Distortion product otoacoustic emission suppression tuning and acoustic admittance in human infants: Birth through 6 months

Carolina Abdala, Douglas H. Keefe, Sandra I. Oba

Research output: Contribution to journalArticle

21 Scopus citations

Abstract

Previous work has reported non-adultlike distortion product otoacoustic emission (DPOAE) suppression in human newborns at f2 = 6000 Hz, indicating an immaturity in peripheral auditory function. In this study, DPOAE suppression tuning curves (STCs) were recorded as a measure of cochlear function and acoustic admittance/reflectance (YR) in the ear canal recorded as a measure of middle-ear function, in the same 20 infants at birth and through 6 months of age. DPOAE STCs changed little from birth through 6 months, showing excessively narrow and sharp tuning throughout the test period. In contrast, several middle-ear indices at corresponding frequencies shifted systematically with increasing age, although they also remained non-adultlike at 6 months. Linear correlations were conducted between YR and DPOAE suppression features. Only two correlations out of 76 were significant, and all but three YR variables accounted for <10% of the variance in DPOAE suppression tuning. The strongest correlation was noted between admittance phase at 5700 Hz and STC tip-to-tail (R=0.49). The association between middle-ear variables and DPOAE suppression may be stronger during other developmental time periods. Study of older infants and children is needed to fully define postnatal immaturity of human peripheral auditory function.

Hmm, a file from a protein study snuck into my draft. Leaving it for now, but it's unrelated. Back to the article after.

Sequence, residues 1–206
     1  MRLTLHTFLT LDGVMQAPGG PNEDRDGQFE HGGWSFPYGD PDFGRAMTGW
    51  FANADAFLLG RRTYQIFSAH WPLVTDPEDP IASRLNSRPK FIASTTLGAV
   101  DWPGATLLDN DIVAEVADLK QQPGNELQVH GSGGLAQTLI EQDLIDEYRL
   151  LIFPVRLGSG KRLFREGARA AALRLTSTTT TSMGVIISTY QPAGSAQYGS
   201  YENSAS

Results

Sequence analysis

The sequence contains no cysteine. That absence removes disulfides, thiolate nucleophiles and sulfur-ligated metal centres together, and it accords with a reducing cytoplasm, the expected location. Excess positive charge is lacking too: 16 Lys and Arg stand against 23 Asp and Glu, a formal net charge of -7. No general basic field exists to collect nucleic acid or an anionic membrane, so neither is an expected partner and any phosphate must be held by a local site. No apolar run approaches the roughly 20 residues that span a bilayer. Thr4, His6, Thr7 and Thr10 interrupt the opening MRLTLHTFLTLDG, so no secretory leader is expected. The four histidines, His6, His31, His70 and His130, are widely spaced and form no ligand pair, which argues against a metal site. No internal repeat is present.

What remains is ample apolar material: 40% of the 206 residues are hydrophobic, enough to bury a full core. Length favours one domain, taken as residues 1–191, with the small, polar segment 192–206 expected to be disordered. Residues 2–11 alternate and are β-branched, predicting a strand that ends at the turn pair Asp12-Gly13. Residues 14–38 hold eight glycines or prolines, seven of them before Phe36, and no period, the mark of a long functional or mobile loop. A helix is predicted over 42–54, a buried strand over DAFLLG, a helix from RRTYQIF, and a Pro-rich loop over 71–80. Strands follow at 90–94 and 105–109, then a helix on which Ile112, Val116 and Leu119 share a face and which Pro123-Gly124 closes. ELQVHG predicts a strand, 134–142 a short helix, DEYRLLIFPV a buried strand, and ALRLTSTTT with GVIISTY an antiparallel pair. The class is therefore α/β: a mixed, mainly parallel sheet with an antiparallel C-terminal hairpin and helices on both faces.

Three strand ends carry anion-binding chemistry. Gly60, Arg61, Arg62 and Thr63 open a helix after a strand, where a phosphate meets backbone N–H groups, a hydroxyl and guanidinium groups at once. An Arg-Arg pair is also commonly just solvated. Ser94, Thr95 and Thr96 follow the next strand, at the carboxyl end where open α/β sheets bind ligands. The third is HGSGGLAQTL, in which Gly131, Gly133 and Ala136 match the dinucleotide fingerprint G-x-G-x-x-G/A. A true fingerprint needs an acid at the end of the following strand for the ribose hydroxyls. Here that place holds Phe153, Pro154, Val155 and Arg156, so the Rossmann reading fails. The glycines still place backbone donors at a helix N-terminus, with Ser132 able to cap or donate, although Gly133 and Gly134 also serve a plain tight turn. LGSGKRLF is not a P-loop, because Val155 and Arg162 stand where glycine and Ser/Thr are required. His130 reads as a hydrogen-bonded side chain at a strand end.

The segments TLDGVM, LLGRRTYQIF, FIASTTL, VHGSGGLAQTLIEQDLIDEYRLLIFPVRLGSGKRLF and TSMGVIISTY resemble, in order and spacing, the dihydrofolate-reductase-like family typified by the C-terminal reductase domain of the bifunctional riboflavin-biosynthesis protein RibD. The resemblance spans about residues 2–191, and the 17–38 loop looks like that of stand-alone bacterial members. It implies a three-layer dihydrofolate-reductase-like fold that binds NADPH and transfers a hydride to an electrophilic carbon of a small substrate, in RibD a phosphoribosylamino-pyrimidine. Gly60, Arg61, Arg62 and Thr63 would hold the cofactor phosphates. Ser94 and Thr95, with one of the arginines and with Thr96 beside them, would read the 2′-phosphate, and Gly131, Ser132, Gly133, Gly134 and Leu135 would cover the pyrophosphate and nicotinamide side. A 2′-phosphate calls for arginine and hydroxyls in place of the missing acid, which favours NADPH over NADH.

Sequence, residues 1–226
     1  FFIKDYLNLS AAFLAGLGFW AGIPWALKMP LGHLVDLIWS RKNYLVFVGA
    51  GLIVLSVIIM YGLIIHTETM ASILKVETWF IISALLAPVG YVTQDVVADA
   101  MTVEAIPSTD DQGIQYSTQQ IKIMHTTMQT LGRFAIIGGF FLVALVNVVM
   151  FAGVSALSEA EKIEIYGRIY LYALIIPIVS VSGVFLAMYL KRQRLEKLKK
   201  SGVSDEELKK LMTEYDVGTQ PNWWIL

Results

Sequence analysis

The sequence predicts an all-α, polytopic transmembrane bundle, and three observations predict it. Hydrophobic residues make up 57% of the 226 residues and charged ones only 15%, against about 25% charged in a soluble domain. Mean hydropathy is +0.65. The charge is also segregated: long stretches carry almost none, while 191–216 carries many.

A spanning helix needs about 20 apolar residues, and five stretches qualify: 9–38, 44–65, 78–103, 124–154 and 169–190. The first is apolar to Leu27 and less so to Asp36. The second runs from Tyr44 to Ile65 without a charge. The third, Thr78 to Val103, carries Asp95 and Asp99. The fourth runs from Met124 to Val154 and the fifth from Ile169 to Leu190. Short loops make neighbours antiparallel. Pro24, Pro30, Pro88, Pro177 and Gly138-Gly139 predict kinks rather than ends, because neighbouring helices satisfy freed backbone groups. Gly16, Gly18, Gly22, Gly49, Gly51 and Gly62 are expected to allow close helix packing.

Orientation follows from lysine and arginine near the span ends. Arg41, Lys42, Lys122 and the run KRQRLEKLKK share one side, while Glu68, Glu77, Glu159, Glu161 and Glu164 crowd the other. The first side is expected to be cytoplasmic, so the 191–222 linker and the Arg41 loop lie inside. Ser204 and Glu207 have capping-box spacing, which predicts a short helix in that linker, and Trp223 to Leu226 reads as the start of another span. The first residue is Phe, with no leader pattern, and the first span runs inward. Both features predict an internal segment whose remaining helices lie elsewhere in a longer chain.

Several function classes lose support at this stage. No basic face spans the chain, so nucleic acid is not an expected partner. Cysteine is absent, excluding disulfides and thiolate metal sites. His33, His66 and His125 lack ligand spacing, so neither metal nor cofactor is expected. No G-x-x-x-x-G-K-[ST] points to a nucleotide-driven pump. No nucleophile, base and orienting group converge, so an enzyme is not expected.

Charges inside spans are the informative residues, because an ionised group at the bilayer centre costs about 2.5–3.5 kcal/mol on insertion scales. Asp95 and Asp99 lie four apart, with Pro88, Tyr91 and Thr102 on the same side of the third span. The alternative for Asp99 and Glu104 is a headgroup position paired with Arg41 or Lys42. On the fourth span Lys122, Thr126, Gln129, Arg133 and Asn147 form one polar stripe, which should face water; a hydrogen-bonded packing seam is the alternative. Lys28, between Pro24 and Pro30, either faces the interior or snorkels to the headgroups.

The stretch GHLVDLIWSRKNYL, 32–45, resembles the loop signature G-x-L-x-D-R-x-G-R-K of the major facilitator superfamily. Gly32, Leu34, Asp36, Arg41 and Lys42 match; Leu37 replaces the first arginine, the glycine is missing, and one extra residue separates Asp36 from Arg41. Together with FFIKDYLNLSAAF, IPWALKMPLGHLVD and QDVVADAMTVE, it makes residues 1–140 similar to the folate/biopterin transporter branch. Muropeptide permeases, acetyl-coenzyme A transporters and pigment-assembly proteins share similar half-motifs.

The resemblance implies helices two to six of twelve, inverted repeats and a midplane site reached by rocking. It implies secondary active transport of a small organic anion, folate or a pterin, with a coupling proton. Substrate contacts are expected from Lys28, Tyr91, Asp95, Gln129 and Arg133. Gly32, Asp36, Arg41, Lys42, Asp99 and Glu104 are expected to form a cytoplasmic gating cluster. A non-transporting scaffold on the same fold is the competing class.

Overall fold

Original languageEnglish (US)
Pages (from-to)3617-3627
Number of pages11
JournalJournal of the Acoustical Society of America
Volume121
Issue number6
DOIs
StatePublished - Jun 11 2007

ASJC Scopus subject areas

  • Arts and Humanities (miscellaneous)
  • Acoustics and Ultrasonics

Fingerprint Dive into the research topics of 'Distortion product otoacoustic emission suppression tuning and acoustic admittance in human infants: Birth through 6 months'. Together they form a unique fingerprint.

  • Cite this